Perhaps the saddest case on this list is that of Thurman Thomas, the Hall of Famer who helped the Bills into the postseason 10 times and lost the Super Bowl in four straight seasons. It was clear Thomas was a special player from his rookie season, and he led the NFL in total offensive yards from 1989–92. Along the way, he added a pair of first-team All-Pro selections and the 1991 Offensive Player of the Year honor—and annually helped the Bills into the postseason. Thomas appeared in 21 total playoff games in his career, and even though he scored a touchdown in each Super Bowl in which he played, the Bills couldn't find victory. Buffalo twice lost to the Cowboys, and also dropped matchups to Washington and the Giants.

6. O.J. Simpson

  • Years Active: 1969–79
  • Teams: Bills (1969–77) and 49ers (1978–79)
  • Postseason Appearances: 1974
  • Super Bowl Appearances: None

Another standout running back from Buffalo who never won a championship was O.J. Simpson. In 1973, Simpson became the first player in NFL history to rush for more than 2,000 yards in a season, which unsurprisingly earned him Offensive Player of the Year honors and helped him retire as the second-leading rusher in NFL history (his 11,236 yards are now 21st). That breakout season came amid a string of five straight years that he was named a first-team All-Pro, and he led the league in rushing in four of those seasons. The Bills, however, didn't match Simpson's success, finishing above .500 just three times in his nine seasons and making one playoff appearance.

5. Earl Campbell

  • Years Active: 1978–85
  • Teams: Oilers (1978–84) and Saints (1984–85)
  • Postseason Appearances: 1978–80
  • Super Bowl Appearances: None

Earl Campbell proved right away he belonged in the NFL. Campbell led the league in rushing yards in each of his first three seasons, providing the Oilers with an exciting star that regularly led them to the postseason. He rushed for more than 1,000 yards and double-digit touchdowns in five of his first six seasons (the exception being the strike-shortened 1981 season). With those efforts, Campbell was the 1978 Rookie of the Year and the 1979 MVP, and the Associated Press named him NFL Offensive Player of the Year from 1978–80. But Houston was unable to reach a Super Bowl during Campbell's tenure and went just 3–3 in the postseason. In 1978 and '79, the Oilers lost the AFC Championship game to the Steelers, and in 1980, they were eliminated in the wild card round.

The Chargers had several strong seasons behind the rushing of LaDainian Tomlinson (21), but never reached the Super Bowl during his tenure.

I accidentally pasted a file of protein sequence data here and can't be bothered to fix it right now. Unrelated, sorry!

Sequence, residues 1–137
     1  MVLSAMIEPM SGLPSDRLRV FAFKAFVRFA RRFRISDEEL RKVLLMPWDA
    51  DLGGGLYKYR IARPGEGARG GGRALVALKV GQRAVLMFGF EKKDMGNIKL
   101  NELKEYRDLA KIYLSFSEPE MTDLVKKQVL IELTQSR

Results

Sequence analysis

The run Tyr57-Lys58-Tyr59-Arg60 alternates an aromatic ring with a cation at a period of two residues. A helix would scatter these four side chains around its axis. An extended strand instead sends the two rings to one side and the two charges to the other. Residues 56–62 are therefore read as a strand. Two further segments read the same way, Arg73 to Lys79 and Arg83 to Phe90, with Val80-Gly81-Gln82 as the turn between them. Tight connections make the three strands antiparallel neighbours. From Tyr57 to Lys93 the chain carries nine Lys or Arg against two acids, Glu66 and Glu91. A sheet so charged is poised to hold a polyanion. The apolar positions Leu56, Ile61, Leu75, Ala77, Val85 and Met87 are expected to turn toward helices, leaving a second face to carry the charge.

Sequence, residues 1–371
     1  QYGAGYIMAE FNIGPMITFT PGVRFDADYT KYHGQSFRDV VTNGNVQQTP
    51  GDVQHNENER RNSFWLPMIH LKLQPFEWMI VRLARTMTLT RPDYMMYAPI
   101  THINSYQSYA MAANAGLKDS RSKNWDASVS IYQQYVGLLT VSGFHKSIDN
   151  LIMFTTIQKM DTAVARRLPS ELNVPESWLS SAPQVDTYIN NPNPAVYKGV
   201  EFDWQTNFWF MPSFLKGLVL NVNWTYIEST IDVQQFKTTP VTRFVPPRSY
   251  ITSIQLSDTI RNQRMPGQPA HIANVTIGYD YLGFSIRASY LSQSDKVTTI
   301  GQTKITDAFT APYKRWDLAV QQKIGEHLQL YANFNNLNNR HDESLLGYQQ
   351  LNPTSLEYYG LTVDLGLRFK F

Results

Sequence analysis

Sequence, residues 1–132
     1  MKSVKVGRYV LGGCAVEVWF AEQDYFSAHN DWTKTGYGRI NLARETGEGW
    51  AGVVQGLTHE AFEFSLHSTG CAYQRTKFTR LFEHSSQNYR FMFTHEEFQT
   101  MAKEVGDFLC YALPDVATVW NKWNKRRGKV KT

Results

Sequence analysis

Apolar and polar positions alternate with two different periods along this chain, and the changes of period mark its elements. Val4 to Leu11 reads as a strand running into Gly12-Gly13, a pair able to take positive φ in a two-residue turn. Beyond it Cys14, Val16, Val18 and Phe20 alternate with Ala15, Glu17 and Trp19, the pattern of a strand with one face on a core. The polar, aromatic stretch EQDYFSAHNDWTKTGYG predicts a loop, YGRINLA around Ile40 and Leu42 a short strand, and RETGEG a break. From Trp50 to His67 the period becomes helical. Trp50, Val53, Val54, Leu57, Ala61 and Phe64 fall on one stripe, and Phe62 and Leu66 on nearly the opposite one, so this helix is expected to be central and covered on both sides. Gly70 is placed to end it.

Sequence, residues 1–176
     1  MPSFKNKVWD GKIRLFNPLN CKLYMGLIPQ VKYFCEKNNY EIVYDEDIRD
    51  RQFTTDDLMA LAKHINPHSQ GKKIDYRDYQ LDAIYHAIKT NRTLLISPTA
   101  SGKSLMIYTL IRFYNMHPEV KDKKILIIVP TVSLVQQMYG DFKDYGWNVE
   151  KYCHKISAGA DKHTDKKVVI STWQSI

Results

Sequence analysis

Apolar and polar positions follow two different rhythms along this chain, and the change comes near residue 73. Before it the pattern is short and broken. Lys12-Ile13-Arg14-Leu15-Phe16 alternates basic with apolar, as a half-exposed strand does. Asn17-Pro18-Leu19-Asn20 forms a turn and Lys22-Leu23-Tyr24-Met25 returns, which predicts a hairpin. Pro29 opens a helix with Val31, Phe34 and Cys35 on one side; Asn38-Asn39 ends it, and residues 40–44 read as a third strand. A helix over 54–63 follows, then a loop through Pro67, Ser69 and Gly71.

The Chargers had several strong seasons behind the rushing of LaDainian Tomlinson (21), but never reached the Super Bowl during his tenure.

4. LaDainian Tomlinson

  • Years Active: 2001–11
  • Teams: Chargers (2001–09) and Jets (2010–11)
  • Postseason Appearances: 2004, 2006–10
  • Super Bowl Appearances: None

LaDainian Tomlinson was atop the NFL world during the peak of his career with the Chargers, but it wasn't enough to even push them into the Super Bowl. For the first eight years of his career, Tomlinson rushed for more than 1,000 yards and double-digit touchdowns, but he was at his finest in 2006. That's when he was named MVP after setting a single-season record with 28 rushing touchdowns and leading the NFL with 1,815 yards. He added two more touchdowns and 123 yards in a postseason matchup that year, but the Chargers lost to the Patriots, 24–21. Tomlinson retired as the fifth-leading rusher in NFL history (his 13,684 yards are now seventh), but his teams went just 5–5 over six postseason appearances.

Adrian Peterson has played for several franchises throughout his career, and remains hopeful he will win a Super Bowl before retiring.

Adrian Peterson has played for several franchises throughout his career, and remains hopeful he will win a Super Bowl before retiring.

3. Adrian Peterson

  • Years Active: 2007–present
  • Teams: Vikings (2007–16), Cardinals (2017), Saints (2017), Washington (2018–19) and Lions (2020)
  • Postseason Appearances: 2008–09, '12, '15
  • Super Bowl Appearances: None

Adrian Peterson is another current player who has defied rushing tradition by continuing to play at a high level into his mid-30s. Peterson is far from the dominating running back he was over the first nine seasons of his career, but he hopes to continue playing and chase down the elusive Super Bowl title. Peterson ranks fifth all-time in career rushing yards and has led the league three times. He was at his best in Minnesota in 2012, when he was the NFL MVP after rushing for 2,097 yards, but the Vikings lost to the Packers in the first round of that season's playoffs. Otherwise, Peterson has only been in the postseason three other times, and his team has won just once.